Gabriel Yared

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Gabriel Yared (born 7 October 1949) is a French-Lebanese composer, best known for his work in French and American cinema.

Born in Beirut, Lebanon, his work in France included the scores for Betty Blue and Camille Claudel. He later began working on English language films, particularly those directed by Anthony Minghella. He won an Oscar and a Grammy Award for his work on The English Patient (1996) and was also nominated for The Talented Mr. Ripley (1999) and Cold Mountain (2003).

Biography[edit]

At the age of 7, his father sent Yared to an accordion teacher. Two years later he stopped his accordion lessons and started music theory and piano lessons. His piano teacher thought that he had no future in music.

Although he was not a natural pianist, he was interested in reading music.

At the age of 14, his piano teacher died, so he was to replace him as the organist of Université Saint-Joseph. He used the university's library to read all the work of Johann Sebastian Bach, Robert Schumann, and many others. This extensive reading inspired his first original composition, a piano waltz.

Yared gained a degree in law. His formal musical education only began when he travelled to France in 1969, and attended the École Normale de Musique de Paris as a non-registered student. There he learned the rules of music composition from Henri Dutilleux.

At the end of 1971, he went to Brazil to visit his uncle. There, the president of the World Federation of Light Music Festivals asked him to write a song to represent the Lebanese in the Rio de Janeiro Song Festival. His song won the first prize. While in Brazil, he kept on performing with his small orchestra. Yared maintains that to this day that his time in Brazil greatly influenced his work.

In 1975, he arranged the album Minacantalucio for the popular Italian singer Mina.

He then went back to France, where he met with the Costa Brothers and collaborated with them. There, he wrote many orchestrations, and ended up with three thousand orchestrations in six years. He also collaborated with Jacques Dutronc, Françoise Hardy, Charles Aznavour, and Mireille Mathieu. He had collaborations with many musicians, and contributed to many radio and TV jingles, such as TF1 news jingles which he has created since 1980. He had an episode on the series In the Tracks of.

Film scores[edit]

Yared is best known for his collaborations with the late Anthony Minghella. His first collaboration with Minghella was the 1996 film The English Patient, which was highly acclaimed and won him an Oscar for Best Original Score. He composed the scores for all of Mingella's films that followed, as well as the music for the television series The No. 1 Ladies' Detective Agency, created by Minghella and Richard Curtis.

Aside from his work with Minghella, Yared has composed the scores for numerous other films, including City of Angels (1998), Message in a Bottle (1999), Autumn in New York (2000), The Next Best Thing (2000), Possession (2002), and Bon Voyage (2003).

It was confirmed by author Cassandra Clare in August 2012 that Yared would be composing the score for The Mortal Instruments: City of Bones. However, his score ultimately was rejected and Yared was replaced with Atli Örvarsson.[1]

Troy soundtrack[edit]

In 2004, Yared's score to the movie Troy (which he had spent nearly a year working on) was rejected (less than a month before the film's opening) due to the poor reception by an audience at a test screening. The test audience were said to have found Yared's music too "brassy and bold". James Horner, the composer of the scores for such films as Braveheart and Titanic was then hired to create a replacement score in less than four weeks.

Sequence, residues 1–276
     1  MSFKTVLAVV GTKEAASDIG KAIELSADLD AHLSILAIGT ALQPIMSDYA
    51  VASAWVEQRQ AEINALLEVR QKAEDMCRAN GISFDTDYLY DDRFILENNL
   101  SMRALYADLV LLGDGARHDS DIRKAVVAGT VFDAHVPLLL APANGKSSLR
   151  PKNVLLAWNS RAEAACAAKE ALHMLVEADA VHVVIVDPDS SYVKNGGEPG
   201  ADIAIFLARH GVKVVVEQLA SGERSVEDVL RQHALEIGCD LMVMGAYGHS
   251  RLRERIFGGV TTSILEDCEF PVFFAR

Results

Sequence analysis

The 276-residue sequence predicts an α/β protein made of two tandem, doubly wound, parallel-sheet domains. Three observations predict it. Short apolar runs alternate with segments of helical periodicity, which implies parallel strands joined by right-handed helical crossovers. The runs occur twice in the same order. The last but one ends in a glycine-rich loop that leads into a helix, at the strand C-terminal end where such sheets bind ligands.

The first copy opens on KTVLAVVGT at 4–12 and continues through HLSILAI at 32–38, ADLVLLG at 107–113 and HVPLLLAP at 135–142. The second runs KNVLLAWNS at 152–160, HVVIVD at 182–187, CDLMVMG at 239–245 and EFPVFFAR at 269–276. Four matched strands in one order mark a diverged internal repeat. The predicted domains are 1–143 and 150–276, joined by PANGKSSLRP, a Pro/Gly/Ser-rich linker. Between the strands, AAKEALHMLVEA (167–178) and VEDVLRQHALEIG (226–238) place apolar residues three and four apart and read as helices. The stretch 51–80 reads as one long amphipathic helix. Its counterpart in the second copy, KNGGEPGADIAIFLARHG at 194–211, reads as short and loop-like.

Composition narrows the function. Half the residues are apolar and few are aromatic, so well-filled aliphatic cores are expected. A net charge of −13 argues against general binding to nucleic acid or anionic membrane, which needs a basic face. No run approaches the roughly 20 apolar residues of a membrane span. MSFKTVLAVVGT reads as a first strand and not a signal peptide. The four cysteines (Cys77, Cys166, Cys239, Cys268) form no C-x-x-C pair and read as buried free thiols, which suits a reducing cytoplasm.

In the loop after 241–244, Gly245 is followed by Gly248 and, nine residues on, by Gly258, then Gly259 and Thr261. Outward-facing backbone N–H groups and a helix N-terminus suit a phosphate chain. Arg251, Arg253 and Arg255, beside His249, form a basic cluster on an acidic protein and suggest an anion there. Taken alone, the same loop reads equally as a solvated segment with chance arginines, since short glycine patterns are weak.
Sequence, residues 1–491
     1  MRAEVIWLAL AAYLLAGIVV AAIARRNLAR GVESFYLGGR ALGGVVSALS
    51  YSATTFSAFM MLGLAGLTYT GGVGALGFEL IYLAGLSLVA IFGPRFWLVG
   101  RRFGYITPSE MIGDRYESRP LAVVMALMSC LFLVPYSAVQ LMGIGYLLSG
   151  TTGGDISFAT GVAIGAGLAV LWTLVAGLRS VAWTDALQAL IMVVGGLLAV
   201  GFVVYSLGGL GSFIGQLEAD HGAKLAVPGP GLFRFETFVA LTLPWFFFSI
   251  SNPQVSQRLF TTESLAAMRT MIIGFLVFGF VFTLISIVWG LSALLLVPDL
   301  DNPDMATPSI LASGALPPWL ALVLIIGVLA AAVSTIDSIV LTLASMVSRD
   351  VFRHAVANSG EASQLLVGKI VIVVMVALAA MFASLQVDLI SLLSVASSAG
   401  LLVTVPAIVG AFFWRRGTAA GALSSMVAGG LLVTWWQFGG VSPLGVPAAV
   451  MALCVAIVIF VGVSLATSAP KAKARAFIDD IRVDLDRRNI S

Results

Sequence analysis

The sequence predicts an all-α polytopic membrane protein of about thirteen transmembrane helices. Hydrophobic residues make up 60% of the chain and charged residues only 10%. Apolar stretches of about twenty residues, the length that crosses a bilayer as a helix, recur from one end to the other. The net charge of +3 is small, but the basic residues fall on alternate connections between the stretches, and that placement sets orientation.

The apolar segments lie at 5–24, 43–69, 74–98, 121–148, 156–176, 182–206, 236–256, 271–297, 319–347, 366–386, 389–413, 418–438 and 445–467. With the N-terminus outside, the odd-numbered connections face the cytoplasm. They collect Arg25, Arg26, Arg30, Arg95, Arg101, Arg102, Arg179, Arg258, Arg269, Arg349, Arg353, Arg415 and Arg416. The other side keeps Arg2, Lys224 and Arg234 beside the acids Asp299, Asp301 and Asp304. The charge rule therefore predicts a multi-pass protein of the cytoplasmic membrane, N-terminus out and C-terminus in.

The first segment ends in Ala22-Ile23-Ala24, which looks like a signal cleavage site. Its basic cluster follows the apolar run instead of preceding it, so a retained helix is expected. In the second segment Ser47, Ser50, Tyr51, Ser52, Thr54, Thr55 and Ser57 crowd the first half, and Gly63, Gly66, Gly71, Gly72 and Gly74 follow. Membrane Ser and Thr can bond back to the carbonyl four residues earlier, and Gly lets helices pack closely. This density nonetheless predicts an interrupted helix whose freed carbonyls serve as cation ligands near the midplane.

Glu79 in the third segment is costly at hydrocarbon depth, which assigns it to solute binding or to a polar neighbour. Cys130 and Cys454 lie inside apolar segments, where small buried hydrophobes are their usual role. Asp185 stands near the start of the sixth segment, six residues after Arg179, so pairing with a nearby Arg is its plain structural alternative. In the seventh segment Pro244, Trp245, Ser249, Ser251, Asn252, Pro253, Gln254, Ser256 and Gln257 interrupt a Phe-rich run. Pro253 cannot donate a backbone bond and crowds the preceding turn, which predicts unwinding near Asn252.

Yared expressed his dismay at the score's rejection in an open letter which was posted on his website. He said that the score which the test audience had heard was not yet finished or mixed properly, and that the studio had given him no opportunity to alter his score in light of the audience reaction.

The Director's Cut DVD had one cue re-inserted for a funeral scene (an experimental female vocal piece, featured twice in his score).[citation needed]

Warner Bros. studio still currently owns the rights to Yared's Troy score and an official recording is not currently available and may never be (although selections from the score were briefly posted on Yared's website and private promotional CD).[citation needed]

Film score critic Christian Clemmensen of Filmtracks.com felt that Yared's work for Troy was far superior to what Horner had written, giving Horner's score a 3 star rating and Yared's a 5 star rating, saying that it was "outstanding," and called it the "pinnacle of Yared's career." [2]

Ballet scores[edit]

Yared created the score to the narrative ballet Raven Girl choreographed to the Royal Ballet by Wayne McGregor after the story by Audrey Niffenegger.[3]

Selected filmography[edit]

Awards[edit]

Yared has been nominated for the Academy Award for Best Original Score on three occasions. He won for The English Patient in 1996. He was also nominated for The Talented Mr. Ripley (1999) and Cold Mountain (2003), but lost to John Corigliano and Howard Shore, respectively. He has also received three Golden Globe and three BAFTA nominations for the same films, and won both awards for The English Patient.

He has been nominated for two Grammy Awards, again winning for The English Patient.

References[edit]

  1. ^ "Atli Örvarsson to Score ‘The Mortal Instruments: City of Bones’". Film Music Reporter. Retrieved 2014-05-15. 
  2. ^ "Troy (Gabriel Yared/James Horner)". Filmtracks. 2004-05-11. Retrieved 2014-05-15. 
  3. ^ Mackrell, Judith (17 May 2013). "This week's new dance". The Guardian (in English) (London, England). Retrieved 22 May 2013. 

External links[edit]